Following a decision from President Trump to pull out of the Iran nuclear agreement, Secretary of State Mike Pompeo is set to reveal the Trump administration’s new “comprehensive strategy toward Iran.”
More details concerning the new strategy will be announced on Monday when Pompeo will look to garner support from European allies which are hesitant about ending the Iran deal.
The United States has already enacted sanctions against Iran and will look to convince European members to join in the effort to force Iran back to the negotiating table.
— Secretary Pompeo (@SecPompeo) May 19, 2018
As Washington Examiner reports, Brian Hook, a senior adviser to Pompeo, said the administration needs to move forward with a more examined approach.
“Our broad approach now that we’ve been emphasizing is that we need… a framework that’s going to address the totality of Iran’s threats,” Hook explained.
“We think that we’ve been able to make a lot of progress on the range of issues on the nuclear and security sort of objectives,” Hook added. “And so we have a period of opportunity to work with our allies to try to come up with a new security architecture, a new framework, and I think that, again, people, I think, are overstating the disagreements between the U.S. and Europe.”
And, “It was economic pressure that brought the Iranians to the table a few years ago. We very much want a diplomatic outcome, one that is going to increase the security of the American people… And so the goal of our effort is to bring all necessary pressure to bear on Iran to change its behavior and to pursue a new framework that can resolve our concerns. And that’s what we’re going to be discussing.”
— Secretary Pompeo (@SecPompeo) May 18, 2018
Here’s more, from Politico:
Hook declined to share details ahead of Pompeo’s speech, but he promised it is aimed at achieving a “better deal” than the 2015 nuclear deal, which was negotiated by the Barack Obama administration.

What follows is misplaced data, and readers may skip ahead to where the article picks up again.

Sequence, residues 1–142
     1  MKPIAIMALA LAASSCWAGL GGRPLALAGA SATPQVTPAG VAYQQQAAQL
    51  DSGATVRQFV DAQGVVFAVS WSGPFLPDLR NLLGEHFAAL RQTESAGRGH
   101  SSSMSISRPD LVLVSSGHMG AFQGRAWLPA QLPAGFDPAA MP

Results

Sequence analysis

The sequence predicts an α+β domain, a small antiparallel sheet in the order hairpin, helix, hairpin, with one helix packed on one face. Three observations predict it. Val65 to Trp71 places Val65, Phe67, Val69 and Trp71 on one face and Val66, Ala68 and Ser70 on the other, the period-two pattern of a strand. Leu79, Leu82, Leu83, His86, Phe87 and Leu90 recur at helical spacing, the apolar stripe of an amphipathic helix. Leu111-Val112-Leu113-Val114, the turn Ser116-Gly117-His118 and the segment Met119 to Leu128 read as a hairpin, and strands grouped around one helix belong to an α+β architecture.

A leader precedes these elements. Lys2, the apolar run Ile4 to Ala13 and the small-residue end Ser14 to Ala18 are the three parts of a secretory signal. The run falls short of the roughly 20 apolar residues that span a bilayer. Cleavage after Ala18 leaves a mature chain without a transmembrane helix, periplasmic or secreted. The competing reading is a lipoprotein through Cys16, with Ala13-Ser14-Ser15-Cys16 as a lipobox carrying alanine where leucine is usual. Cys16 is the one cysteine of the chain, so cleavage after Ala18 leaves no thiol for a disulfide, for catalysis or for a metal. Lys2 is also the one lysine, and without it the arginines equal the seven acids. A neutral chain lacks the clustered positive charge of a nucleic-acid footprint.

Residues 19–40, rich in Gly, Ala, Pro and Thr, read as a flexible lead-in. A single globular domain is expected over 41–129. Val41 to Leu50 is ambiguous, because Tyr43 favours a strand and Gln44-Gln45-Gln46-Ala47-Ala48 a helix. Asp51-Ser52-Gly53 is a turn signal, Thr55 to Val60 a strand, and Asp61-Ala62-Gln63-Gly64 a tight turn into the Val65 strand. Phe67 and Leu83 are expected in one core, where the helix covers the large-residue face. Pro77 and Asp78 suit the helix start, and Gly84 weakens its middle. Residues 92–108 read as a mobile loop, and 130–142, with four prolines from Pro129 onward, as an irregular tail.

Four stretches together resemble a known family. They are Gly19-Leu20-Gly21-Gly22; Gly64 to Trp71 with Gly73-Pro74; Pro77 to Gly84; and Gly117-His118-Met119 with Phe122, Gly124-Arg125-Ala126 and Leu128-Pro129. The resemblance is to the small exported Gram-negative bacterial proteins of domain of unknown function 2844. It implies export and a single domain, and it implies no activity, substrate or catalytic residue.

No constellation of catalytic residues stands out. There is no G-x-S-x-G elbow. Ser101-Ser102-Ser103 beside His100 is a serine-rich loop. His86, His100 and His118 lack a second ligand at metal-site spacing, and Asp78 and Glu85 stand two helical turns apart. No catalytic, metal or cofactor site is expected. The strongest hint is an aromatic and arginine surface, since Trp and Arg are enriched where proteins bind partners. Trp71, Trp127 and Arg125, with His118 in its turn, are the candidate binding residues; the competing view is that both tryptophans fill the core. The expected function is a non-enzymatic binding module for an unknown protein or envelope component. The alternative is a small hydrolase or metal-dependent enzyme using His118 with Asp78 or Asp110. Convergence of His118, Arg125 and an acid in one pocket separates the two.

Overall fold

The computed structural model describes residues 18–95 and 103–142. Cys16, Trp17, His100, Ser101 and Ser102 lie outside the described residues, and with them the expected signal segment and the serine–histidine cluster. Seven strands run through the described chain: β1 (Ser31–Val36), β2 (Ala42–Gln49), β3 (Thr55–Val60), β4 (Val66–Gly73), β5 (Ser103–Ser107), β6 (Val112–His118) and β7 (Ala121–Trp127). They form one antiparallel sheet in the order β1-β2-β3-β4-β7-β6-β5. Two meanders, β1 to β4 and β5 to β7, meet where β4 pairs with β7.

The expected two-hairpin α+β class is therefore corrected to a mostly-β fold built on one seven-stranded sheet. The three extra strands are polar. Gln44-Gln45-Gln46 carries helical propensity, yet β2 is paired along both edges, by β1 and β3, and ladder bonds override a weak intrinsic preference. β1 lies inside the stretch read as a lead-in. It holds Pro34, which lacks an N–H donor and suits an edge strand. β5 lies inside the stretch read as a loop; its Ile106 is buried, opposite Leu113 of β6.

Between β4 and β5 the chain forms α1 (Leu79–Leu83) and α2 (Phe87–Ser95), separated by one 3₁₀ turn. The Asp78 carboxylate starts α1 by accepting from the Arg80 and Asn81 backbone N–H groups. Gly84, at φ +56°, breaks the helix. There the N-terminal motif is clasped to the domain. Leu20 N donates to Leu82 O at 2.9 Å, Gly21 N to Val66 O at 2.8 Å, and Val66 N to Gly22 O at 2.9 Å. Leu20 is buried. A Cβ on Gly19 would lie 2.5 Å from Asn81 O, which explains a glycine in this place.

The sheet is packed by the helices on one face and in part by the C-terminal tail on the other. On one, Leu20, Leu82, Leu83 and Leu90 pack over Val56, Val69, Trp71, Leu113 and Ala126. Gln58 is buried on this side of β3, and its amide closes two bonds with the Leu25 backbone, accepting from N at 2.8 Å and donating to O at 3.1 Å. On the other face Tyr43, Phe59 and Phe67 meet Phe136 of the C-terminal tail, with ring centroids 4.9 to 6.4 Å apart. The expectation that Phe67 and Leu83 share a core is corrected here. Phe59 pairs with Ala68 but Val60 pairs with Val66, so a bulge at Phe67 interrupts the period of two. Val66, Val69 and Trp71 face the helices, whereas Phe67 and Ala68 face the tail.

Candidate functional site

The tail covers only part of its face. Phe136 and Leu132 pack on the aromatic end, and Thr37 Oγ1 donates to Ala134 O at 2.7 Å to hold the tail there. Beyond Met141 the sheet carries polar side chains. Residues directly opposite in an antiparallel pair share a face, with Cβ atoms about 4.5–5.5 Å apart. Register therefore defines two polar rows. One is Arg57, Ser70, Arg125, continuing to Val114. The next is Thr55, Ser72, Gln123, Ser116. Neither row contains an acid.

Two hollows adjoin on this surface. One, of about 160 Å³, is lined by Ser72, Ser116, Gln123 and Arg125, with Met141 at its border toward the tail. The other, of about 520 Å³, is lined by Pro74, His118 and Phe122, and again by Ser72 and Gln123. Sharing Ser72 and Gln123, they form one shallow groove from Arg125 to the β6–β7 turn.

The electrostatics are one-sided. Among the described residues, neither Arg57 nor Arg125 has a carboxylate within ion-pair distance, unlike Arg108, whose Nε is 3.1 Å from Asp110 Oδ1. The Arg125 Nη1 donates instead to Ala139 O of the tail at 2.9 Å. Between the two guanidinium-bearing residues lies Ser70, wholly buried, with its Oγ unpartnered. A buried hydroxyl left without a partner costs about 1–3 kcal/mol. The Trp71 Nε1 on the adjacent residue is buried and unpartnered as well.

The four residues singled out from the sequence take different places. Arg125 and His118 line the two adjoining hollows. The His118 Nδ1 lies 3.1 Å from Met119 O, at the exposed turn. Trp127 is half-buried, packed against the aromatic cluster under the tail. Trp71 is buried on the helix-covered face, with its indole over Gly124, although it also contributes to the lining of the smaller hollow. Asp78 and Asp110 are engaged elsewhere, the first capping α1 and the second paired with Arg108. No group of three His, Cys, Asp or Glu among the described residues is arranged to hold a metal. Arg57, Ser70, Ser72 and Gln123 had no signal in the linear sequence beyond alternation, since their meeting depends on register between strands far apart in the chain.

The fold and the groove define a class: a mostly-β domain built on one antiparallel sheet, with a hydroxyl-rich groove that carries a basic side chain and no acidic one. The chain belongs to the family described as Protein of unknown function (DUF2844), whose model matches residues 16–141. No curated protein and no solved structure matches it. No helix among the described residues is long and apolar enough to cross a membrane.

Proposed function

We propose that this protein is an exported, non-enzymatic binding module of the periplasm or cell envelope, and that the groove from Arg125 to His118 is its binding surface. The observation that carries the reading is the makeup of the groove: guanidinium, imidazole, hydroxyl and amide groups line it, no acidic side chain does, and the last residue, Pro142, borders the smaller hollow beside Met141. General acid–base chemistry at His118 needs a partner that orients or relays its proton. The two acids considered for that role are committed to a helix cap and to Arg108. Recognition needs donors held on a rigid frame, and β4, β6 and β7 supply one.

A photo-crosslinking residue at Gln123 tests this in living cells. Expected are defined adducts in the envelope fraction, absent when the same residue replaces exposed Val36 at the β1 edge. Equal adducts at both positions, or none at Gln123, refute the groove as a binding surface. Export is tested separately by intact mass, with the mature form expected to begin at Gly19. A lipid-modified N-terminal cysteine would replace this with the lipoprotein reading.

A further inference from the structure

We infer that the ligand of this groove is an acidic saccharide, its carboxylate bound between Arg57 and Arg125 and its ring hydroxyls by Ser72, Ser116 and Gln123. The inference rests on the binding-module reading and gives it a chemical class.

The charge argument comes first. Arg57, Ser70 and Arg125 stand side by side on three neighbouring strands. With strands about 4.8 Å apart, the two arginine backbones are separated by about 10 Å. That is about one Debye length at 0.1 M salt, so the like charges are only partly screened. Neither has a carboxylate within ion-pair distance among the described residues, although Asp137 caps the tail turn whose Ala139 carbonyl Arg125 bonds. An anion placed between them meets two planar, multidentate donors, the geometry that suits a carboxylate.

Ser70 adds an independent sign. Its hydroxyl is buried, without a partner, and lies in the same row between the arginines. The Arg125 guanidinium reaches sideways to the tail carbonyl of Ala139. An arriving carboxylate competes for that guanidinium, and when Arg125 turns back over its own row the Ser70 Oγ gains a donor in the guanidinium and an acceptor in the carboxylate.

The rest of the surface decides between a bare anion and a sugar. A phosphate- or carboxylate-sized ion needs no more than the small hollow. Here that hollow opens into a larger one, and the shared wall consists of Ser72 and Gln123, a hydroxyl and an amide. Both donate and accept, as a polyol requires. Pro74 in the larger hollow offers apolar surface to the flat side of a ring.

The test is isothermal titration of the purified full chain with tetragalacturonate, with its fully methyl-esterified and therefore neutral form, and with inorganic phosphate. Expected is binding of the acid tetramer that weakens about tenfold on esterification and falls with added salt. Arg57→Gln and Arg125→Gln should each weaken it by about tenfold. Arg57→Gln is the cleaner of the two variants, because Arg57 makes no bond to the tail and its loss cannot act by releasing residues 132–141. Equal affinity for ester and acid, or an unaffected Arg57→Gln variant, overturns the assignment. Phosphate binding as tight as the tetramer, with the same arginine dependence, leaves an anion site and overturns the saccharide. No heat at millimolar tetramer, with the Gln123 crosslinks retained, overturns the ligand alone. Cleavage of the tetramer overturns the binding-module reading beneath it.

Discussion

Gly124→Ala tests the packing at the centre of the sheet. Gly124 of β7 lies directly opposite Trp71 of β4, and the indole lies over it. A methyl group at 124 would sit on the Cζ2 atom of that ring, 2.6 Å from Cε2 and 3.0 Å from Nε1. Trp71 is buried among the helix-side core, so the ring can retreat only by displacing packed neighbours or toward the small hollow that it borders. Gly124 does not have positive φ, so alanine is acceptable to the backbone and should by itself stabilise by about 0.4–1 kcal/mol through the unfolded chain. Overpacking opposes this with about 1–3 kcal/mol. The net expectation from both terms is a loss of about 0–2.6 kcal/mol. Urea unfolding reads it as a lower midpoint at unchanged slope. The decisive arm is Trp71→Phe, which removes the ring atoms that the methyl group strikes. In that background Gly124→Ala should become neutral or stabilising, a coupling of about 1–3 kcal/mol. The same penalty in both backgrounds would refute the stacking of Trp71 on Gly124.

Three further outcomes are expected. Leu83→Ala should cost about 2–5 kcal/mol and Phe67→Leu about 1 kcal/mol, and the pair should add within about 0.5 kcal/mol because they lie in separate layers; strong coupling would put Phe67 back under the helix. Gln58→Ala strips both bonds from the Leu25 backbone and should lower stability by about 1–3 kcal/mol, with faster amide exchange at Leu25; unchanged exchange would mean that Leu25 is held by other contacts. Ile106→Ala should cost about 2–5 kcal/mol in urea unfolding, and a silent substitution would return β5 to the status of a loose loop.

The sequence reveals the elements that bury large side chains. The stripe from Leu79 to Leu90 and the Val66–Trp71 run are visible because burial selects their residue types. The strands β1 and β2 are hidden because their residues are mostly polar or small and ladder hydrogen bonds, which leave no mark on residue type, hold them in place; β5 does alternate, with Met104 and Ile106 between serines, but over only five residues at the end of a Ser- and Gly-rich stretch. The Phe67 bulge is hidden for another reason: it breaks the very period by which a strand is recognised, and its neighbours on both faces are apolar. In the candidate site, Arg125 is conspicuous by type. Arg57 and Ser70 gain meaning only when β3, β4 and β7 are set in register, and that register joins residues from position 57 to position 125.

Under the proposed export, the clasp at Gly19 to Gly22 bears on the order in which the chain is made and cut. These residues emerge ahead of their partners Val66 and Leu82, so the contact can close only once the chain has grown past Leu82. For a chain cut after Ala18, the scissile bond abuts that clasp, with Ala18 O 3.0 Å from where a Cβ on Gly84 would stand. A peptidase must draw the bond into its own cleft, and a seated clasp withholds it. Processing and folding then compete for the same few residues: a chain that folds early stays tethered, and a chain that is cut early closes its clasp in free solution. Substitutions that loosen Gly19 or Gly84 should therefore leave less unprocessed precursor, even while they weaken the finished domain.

The deal gave Iran relief from economic sanctions in exchange for severe curbs on its nuclear program. Aside from the U.S. and Iran, the deal involved Germany, Britain, France, China, and Russia. International inspectors say Iran has been upholding its end of the agreement.
But Trump insists the deal was too narrow and that, instead of focusing only on nuclear issues, it should have dealt with Iran’s ballistic missile program as well as its aggressive military activities in the Middle East. Trump also criticized the fact that some provisions of the agreement expire starting in the next decade.
The U.S. president announced May 8 that, in quitting the deal, he will reimpose economic sanctions on Iran and on companies in other countries that do business with the Islamist-led state.
European leaders have been talking to Iran about how to salvage the deal sans the U.S. It’s a challenge for European countries because staying in the deal could expose their companies to U.S. sanctions, but they are mulling ways to block U.S. penalties on their firms.
It’s also not clear why the Trump administration believes it can muster a grand coalition to pressure Iran into talking. The U.S. president has shaken Europe’s trust by walking away from several multilateral agreements, including the Paris climate change deal.
But Hook said the United States and its European allies, at least, agree on far more areas than they disagree on. On areas of concern such as Iran’s missiles, its human rights record, and the need for stronger inspections of its nuclear program, the U.S., and its allies agree that more can be done, Hook said.
Hook did not give a timeframe for when the administration was expecting to complete negotiations over a new deal. The previous deal, confirmed by former President Obama and then-Secretary of State John Kerry, took several years to finalize.